In 1920, the Haack heirs were shown as owners in the Berlin address book . The Schlosspark Theater has been housed in the former service wing since 1921 . The building was listed as a historical monument as early as 1923 .

After the Second World War , the US occupation forces used the building. They left the castle to an officers' club rebuild (Lightning Lounge) including a use as a hotel and restaurant.

In 1958, the state of Berlin acquired the building ensemble from the Americans. The administration has since been carried out by the local district office.

Berlin memorial plaque on the house at Schloßstraße 48

From 1992 to 1995, the manor house was restored in accordance with a historic monument at a cost of around 16 million marks (adjusted for purchasing power in today's currency: around 11.47 million euros). During this work, the construction management oriented itself as far as possible on the construction plans of Gilly, extensions and conversions were removed.

Memorial plaque on the house at Schloßstraße 48

The monument protection owes essential knowledge about the construction history of the building to the renovation work with extensive construction studies and restoration work.


Garden side

The palace-like manor house is 29.9 m long, 15 m wide (including the front and rear entrances 22 m) and is a two-wing plastered building with two floors. The floors are visually separated by a meandering frieze , the building is closed off by a flat hipped roof. The central risalit on the side facing away from the street is formed by a portico with Greek-Doric columns and by lattice-structured arched windows . The risalit jumps back to the veranda at the height of the eaves, in the roof area above there are three arched windows. On Schloßstraße, a glare field accentuates the central structural axis. The middle area of ​​the house shows the typical sequence of a palace: a vestibule with stairs and a round garden room.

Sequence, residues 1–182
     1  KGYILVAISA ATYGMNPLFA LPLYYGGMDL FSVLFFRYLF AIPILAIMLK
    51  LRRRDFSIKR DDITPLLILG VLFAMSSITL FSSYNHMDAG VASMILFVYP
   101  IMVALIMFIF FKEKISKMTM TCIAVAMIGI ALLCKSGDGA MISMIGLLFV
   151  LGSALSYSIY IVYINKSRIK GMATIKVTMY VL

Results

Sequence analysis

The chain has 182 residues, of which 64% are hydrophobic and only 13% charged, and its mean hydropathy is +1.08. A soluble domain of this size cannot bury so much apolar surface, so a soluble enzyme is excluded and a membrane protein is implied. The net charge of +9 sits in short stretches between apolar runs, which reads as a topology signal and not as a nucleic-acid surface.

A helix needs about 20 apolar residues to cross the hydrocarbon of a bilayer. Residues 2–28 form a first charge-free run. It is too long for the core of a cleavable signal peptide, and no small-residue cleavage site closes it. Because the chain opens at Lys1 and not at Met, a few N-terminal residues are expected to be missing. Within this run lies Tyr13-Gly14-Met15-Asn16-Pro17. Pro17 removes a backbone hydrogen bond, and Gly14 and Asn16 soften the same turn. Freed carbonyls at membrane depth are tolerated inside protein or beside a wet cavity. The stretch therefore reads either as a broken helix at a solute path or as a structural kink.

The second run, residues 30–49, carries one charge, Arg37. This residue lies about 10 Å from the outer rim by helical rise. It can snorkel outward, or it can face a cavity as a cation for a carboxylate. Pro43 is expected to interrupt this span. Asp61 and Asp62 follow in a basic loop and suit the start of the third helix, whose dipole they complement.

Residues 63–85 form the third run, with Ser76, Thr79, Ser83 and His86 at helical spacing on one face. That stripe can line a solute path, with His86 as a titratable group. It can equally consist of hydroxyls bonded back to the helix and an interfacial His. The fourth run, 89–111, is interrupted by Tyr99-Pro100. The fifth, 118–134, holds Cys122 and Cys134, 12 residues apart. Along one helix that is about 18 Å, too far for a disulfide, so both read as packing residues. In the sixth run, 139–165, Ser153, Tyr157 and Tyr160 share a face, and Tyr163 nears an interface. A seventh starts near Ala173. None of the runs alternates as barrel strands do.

A former farm building is attached to the manor house, which was converted into a small theater called Schlosspark Theater in the 1920s and is now operated by Dieter Hallervorden . The portico of the theater part was built in 1920/1921 according to plans by the architect Hans Heinrich Müller . There is also a cinema in the garden of the complex .


  • Folkwin Wendland: Berlin's gardens and parks from the founding of the city to the end of the nineteenth century. Propylaeen, Berlin 1979, ISBN 3-549-06645-7 , pp. 361-363.

Web links

Commons : Gutshaus Steglitz  - Collection of images, videos and audio files


  1. The construction dates published here do not exactly match other sources.

Individual evidence

  1. Rolf Grevelmann: village remains village , p.8, In: district mayor of Berlin-Steglitz (ed.): 100 years Rathaus Steglitz. 1898–1998 , Berlin 1998.
  2. a b Berlin-Archiv , Archiv-Verlag, Braunschweig, 1980-90, collective sheet 06105.
  3. ^ Steglitz> Schloßstraße 48 at the corner of Wrangelstraße 14 . In: Berliner Adreßbuch , 1920, V, p. 398.
  4. ^ A b Georg Dehio : Handbook of German Art Monuments: Berlin. Deutscher Kunstverlag, Berlin / Munich 2006, ISBN 3-422-03111-1 , p. 449 f.

Coordinates: 52 ° 27 ′ 17 ″  N , 13 ° 19 ′ 5 ″  E